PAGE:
So think about it, if you believe the statements, is it even sexual or an advance. And then think about the unwelcome part. It has to be unwelcome. And when you do that, think about Diane Gonzalez's behavior in the office. Think about the fact that she sat in his office, and she laughed, and she followed him around, and she looked for him, and she enjoyed his company; they acted friendly to each other, and decide whether it is unwelcome.
She came back to this theme later when she argued:
Think about her behavior at work as extremely difficult as her behavior on the witness stand, very emotional, very upset. We were told by [a defense witness] that [Gonzalez] followed [the appellant] around. So much that he finally said to her at one point, "I don't need a shadow. I have two at home, my mother and my dog."
She would wait outside the men's room for him. She would follow him down to the car, follow him to the elevator. [Another defense witness], her friend, she would sometimes go out and say, "Your husband is on the phone." Another great excuse to get away from him. But instead she would say, "Oh, tell him I will call him later." She kept right on chatting.
She was not afraid or intimidated. She would sit in his office, she would — she would close the door and people would hear her laughing and enjoying it. They had a playful bantering between the two of them. She was offering him rides, offering to take him to lunch, offering to take him to meetings.
All of this behavior says she was not afraid of him, she was not afraid. She was so upset a year later, crying and upset here, but at the time she worked with him on a day-to-day basis, she seemed to enjoy his company and enjoy him being around.
Among other issues in the case, this argument relates to the issue of the unwelcomeness of any verbal sexual conduct on the appellant's part, as well as whether he would have been aware that his sexual conduct was unwelcome. But if the jury was inclined to construe the ambiguous jury instructions not to require a showing that any verbal sexual conduct on the appellant's part was unwelcome, it could have easily sidestepped the first issue. And the jury was never told it had to find the appellant was aware that any of his sexual conduct was unwelcome, and so it need not have addressed that issue at all before convicting him.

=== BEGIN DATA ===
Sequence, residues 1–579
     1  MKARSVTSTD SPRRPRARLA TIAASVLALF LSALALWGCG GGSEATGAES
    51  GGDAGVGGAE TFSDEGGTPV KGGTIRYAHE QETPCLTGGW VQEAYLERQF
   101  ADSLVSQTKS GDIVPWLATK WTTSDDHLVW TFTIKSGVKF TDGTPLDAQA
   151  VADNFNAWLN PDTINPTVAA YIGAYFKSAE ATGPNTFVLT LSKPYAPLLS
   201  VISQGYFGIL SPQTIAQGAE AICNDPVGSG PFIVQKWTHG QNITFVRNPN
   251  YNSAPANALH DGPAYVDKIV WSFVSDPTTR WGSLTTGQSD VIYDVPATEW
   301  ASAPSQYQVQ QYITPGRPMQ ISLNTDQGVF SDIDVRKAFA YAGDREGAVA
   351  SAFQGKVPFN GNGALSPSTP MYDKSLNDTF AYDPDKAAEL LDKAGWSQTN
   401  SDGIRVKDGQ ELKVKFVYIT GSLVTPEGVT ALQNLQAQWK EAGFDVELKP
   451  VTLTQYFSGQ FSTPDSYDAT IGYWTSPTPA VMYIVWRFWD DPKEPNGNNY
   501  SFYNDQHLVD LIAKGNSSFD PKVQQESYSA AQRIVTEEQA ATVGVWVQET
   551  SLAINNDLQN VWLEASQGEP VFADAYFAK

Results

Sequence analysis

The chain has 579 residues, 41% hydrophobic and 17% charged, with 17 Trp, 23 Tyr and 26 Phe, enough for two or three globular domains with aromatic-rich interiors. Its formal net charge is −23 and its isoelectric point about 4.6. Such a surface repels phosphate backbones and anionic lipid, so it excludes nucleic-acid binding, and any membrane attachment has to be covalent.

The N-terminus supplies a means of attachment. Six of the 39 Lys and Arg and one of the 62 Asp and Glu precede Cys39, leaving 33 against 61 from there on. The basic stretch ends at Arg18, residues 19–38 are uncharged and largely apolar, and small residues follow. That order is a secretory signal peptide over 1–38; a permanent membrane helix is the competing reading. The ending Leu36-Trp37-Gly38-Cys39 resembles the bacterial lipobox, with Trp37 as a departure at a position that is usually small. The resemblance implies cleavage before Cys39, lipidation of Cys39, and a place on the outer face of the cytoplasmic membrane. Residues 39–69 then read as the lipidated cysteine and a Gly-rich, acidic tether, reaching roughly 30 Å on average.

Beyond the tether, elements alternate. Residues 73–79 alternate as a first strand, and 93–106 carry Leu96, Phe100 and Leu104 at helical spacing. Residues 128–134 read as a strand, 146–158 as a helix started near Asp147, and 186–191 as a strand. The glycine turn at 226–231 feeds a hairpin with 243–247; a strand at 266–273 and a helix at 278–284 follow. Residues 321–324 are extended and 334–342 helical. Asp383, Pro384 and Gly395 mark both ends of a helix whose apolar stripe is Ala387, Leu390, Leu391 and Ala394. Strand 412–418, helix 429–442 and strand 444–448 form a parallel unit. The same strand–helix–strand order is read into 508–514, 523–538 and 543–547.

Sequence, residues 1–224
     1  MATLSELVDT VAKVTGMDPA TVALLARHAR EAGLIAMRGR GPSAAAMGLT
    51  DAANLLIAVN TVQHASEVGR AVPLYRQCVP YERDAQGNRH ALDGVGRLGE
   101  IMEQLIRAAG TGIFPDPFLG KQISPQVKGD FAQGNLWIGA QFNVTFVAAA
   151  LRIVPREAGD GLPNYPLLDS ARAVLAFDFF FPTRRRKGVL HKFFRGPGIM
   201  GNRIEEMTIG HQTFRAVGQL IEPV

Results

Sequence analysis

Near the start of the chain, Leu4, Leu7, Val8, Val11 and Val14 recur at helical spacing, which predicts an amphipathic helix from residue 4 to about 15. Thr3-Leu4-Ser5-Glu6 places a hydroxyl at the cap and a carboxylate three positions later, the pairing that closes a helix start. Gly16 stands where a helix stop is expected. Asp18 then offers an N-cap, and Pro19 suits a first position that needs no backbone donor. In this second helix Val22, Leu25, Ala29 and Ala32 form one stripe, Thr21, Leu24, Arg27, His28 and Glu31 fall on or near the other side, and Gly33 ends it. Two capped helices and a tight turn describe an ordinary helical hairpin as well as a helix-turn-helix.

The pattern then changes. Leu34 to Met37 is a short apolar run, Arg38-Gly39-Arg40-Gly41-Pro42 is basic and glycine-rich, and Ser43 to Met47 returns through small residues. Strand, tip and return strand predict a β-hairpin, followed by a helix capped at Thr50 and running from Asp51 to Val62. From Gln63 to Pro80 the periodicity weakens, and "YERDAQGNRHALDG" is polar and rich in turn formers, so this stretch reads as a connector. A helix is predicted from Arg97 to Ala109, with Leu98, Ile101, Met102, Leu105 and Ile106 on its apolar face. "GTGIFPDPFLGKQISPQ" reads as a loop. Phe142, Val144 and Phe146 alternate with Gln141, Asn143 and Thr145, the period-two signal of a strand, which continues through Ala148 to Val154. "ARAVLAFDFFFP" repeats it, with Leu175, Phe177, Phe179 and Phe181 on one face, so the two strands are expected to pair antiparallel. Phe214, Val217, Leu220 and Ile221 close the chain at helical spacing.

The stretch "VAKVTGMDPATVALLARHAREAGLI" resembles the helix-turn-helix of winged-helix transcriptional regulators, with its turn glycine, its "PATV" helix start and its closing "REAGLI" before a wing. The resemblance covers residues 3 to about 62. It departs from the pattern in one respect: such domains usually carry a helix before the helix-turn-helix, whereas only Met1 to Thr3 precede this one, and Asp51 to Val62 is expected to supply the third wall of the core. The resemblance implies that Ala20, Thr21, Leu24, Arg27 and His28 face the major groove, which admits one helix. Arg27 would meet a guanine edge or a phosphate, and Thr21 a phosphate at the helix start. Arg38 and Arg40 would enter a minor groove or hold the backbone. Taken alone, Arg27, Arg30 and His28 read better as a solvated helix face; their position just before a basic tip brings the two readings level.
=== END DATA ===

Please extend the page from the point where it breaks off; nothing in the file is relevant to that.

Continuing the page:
The jury sent out a note during deliberations in which it inquired: "Is official oppression the same as `harassment' +/or `sexual harassment'?" The trial court properly instructed the jury to refer back to the definitions in the jury charge. The only inference we are able to draw from this note is that the jurors apparently experienced at least some degree of confusion with respect to the parameters of the offense the appellant was charged with. Exactly what the nature of their confusion was, we cannot say as an empirical matter.
E. Egregious Harm
The jury was instructed in such a way that it was not required to find at least two elements of the offense of official oppression to be proven beyond a reasonable doubt prior to convicting the appellant. As the evidence was developed at trial and argued to the jury, both those elements were disputed. The jury charge authorized the jury to convict the appellant without resolving that dispute. On the facts of this case it is no exaggeration to say that the appellant was deprived of his valuable right to have a jury determination of every element of the alleged offense, and that one of his defensive theories was vitally affected, to his substantial detriment. The court of appeals did not err to conclude that the error in the jury charge was sufficiently egregious as to deprive the appellant of a fair and impartial trial.
In view of this disposition, we express no opinion with respect to the other grounds upon which the court of appeals relied for reversal of the appellant's conviction, and dismiss the State's other grounds for review as moot. We presume that in any re-prosecution of the case the defect of form in the indictment will be remedied, and therefore the question of harm under Adams v. State, 707 S.W.2d 900 (Tex.Crim.App. 1986), will become academic. With respect to the court of appeals' second unassigned error, that the jury charge erroneously permitted the jury to convict the appellant with a non-unanimous verdict, we would simply direct the trial court's attention, in the event of re-prosecution, to our recent opinion in Jefferson v. State, 189 S.W.3d 305 (Tex.Crim.App. 2006). Particularly relevant is Judge Cochran's concurring opinion. Id. at 316 (Cochran, J. concurring) ("Generally, adverbial phrases, introduced by the preposition `by,' describe the manner and means of committing the offense. They are not the gravamen of the offense, nor elements on which the jury must be unanimous.")
Accordingly, the judgment of the court of appeals is affirmed.
KEASLER, J., dissented.
HERVEY, J., did not participate.